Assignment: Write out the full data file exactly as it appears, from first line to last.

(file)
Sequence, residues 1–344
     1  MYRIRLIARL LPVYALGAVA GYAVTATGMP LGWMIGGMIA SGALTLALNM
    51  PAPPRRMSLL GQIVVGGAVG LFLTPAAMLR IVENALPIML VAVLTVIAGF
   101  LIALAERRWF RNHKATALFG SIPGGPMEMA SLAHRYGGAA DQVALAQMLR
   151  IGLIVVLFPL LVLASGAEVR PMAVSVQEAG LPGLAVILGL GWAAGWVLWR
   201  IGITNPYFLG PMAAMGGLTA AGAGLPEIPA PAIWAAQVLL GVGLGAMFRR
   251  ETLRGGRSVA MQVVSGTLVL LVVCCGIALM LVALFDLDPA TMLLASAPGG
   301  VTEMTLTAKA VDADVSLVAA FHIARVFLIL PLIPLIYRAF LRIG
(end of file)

Sequence, residues 1–344
     1  MYRIRLIARL LPVYALGAVA GYAVTATGMP LGWMIGGMIA SGALTLALNM
    51  PAPPRRMSLL GQIVVGGAVG LFLTPAAMLR IVENALPIML VAVLTVIAGF
   101  LIALAERRWF RNHKATALFG SIPGGPMEMA SLAHRYGGAA DQVALAQMLR
   151  IGLIVVLFPL LVLASGAEVR PMAVSVQEAG LPGLAVILGL GWAAGWVLWR
   201  IGITNPYFLG PMAAMGGLTA AGAGLPEIPA PAIWAAQVLL GVGLGAMFRR
   251  ETLRGGRSVA MQVVSGTLVL LVVCCGIALM LVALFDLDPA TMLLASAPGG
   301  VTEMTLTAKA VDADVSLVAA FHIARVFLIL PLIPLIYRAF LRIG